Will a Piston Ring Make Noise in My Car?

You have probably heard of your engine’s knock sensor and wondered if it’s working. The truth is, a broken piston ring can produce a great beating noise. Luckily, this problem is fairly easy to diagnose. Read on to find out the causes, symptoms, and repair options. Also, learn how to identify if your car’s knock sensor is malfunctioning. The best way to determine whether your engine is making this noise is to listen to it.

OnlySilent featured on media
Disclosure : Some of the links below are affiliate links, meaning at no additional cost, I will earn a commission if you click through and make a purchase. As an Amazon Associate, I earn from qualifying purchases.


The sounds made by an engine are often the signs of a bad piston ring. If you notice white smoke coming from the exhaust, it could be a sign of a bad ring. In some instances, piston rings are so worn that they are not able to contain the pressure caused by compression. Fortunately, piston ring failure is easily preventable and can be fixed with a little knowledge.


If you’ve been wondering what causes piston ring noise, you’re in luck. Modern cars come equipped with motion sensors that regulate air-fuel mixture and help the computer detect a problem. If the pistons are noisy, they could mean a number of problems, including misfiring and loss of power. You may also notice that your check engine light comes on. If you’re unsure as to what’s causing the noise, read on for tips to identify the problem and fix it.

Repair options

Fortunately, there are many affordable repair options for a piston ring that is making noise in your engine. Performing a piston ring repair is a simple task that usually takes around 10 hours. However, you will have to pay for the labor and materials, and you should expect to pay about $1,000 to $4,000 for the repair. If you are not willing to pay that much for the repair, you can request a warranty repair or goodwill repair. Regardless of your vehicle’s age, you should know that a piston ring repair is more likely to cost you between $2,000 and $5,000.

Knock sensor

A knock sensor detects abnormal vibrations in a combustion chamber and produces a small electrical signal. When this signal is higher than normal, the engine produces a knocking or pinging noise. This type of noise is often more noticeable during acceleration or throttle input. The knock sensor is a tiny listening device in the engine that detects these vibrations and converts them into a signal that the engine control unit reads and judges. It controls ignition timing, and a knock sensor is necessary to prevent engine damage.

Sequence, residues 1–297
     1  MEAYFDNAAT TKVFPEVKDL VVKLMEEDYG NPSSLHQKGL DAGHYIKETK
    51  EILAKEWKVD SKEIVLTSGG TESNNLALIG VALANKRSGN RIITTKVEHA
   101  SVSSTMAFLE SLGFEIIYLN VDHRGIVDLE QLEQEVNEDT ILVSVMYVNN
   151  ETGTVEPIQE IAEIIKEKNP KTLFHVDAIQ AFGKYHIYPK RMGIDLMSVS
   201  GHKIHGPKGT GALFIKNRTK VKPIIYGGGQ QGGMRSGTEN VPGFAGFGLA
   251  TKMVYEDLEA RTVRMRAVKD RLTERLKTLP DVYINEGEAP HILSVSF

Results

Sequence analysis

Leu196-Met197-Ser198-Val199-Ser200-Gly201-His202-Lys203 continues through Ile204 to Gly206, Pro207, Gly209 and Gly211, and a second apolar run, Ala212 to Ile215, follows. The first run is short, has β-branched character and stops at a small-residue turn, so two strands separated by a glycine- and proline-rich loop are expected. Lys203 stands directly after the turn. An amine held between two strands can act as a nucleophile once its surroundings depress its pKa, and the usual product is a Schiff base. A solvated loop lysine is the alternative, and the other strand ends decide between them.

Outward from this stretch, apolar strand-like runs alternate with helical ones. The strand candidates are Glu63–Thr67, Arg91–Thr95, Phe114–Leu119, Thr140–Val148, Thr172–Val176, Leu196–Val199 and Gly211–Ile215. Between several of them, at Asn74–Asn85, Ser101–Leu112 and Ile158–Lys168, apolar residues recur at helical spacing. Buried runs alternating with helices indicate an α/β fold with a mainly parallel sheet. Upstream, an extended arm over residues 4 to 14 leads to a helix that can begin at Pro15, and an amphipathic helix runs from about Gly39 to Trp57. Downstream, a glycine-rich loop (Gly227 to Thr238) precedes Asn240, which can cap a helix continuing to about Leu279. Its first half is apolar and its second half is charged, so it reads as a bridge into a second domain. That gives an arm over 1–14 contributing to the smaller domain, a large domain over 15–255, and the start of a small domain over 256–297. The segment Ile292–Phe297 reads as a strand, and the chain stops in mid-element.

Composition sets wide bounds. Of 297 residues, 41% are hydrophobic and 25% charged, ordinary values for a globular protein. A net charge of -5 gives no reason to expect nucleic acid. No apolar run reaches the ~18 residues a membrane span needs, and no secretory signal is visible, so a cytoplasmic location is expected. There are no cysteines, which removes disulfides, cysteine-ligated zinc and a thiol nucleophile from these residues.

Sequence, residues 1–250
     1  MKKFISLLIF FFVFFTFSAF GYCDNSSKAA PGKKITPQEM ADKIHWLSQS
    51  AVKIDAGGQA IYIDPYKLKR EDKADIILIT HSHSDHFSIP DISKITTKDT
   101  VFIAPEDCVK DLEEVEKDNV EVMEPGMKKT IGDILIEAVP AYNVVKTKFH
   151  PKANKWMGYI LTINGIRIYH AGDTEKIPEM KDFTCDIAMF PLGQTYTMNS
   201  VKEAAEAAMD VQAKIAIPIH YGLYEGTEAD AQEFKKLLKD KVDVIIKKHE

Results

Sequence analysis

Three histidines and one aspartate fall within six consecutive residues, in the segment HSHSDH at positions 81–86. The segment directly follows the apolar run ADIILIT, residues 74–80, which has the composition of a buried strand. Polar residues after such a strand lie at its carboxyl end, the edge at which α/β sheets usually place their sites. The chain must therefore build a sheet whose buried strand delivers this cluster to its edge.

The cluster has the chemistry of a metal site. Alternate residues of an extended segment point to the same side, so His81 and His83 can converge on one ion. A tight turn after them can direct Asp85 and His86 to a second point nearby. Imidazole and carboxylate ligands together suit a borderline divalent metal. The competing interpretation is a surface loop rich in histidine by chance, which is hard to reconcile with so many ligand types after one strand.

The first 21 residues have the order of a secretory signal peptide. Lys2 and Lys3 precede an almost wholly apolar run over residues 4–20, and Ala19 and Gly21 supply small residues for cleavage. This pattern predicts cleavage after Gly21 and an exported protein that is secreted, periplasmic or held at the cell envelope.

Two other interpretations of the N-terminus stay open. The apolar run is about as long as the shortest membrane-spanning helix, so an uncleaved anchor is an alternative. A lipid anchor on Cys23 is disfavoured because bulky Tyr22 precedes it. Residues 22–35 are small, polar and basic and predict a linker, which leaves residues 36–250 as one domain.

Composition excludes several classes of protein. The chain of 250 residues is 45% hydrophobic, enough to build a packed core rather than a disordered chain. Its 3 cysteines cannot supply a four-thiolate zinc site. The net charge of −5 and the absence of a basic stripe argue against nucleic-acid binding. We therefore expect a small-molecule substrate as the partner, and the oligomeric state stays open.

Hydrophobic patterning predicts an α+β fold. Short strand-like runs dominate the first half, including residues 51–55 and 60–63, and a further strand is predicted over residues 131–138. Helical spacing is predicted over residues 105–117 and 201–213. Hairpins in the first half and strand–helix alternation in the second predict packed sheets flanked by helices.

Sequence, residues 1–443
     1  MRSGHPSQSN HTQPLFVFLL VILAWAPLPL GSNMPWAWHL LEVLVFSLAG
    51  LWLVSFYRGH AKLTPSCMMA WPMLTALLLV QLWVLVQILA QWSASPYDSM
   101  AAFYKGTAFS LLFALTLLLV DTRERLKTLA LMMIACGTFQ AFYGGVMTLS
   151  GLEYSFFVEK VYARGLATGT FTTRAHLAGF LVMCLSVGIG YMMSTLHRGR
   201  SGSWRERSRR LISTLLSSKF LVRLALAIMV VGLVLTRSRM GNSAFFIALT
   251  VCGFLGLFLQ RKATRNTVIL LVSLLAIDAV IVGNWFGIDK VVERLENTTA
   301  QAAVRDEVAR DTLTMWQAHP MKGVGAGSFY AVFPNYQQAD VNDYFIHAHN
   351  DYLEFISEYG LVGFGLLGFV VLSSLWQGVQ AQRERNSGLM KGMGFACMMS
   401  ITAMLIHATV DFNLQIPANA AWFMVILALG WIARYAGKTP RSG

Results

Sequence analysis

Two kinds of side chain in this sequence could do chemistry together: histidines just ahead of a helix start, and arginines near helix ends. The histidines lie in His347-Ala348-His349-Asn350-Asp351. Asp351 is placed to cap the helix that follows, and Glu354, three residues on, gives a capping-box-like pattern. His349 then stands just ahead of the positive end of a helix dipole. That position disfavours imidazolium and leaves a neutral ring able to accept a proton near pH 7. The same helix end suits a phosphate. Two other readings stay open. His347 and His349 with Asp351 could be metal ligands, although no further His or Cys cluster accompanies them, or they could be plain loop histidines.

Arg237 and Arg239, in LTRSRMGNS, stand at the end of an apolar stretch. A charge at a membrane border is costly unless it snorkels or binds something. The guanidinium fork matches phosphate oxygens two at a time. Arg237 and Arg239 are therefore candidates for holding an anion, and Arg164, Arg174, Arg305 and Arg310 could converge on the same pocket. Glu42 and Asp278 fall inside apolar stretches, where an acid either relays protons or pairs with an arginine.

Oil ring

Insufficient lubrication can cause piston rings to wear prematurely. When oil becomes contaminated, the rings will break and leak, causing the piston to stall, which reduces acceleration and may lead to a tow truck being needed. Piston rings are also very vulnerable to wear and tear due to poor combustion, which can lead to poor motor performance and loss of all engine power. This problem can be avoided by performing regular maintenance checks on your car’s engine.

Aluminum pistons

If you have an aluminum engine, it’s probably because you’ve recently installed an aluminum piston. If so, you might be wondering what is causing that noise. Aluminum piston rings are usually made of two types of materials, forged and conventional. Forged pistons are made of a high silicon content alloy, while conventional cast pistons are made of eight to eleven percent. Forged pistons are designed to last longer than conventional cast pistons and are better for many applications, including those requiring nitrous oxide and extensive modifications.

Engine ticking

A high-pitched rapping noise emanates from the engine when the piston rings make contact with the ridge at the top of the cylinder. This noise tends to increase in volume during deceleration, and it can be the result of a number of different problems. A number of different things can cause this noise, including worn piston rings or cracked lands, a loose connecting rod, or a faulty valve. To find the source of your engine ticking, you can replace the rings and re-bore the engine.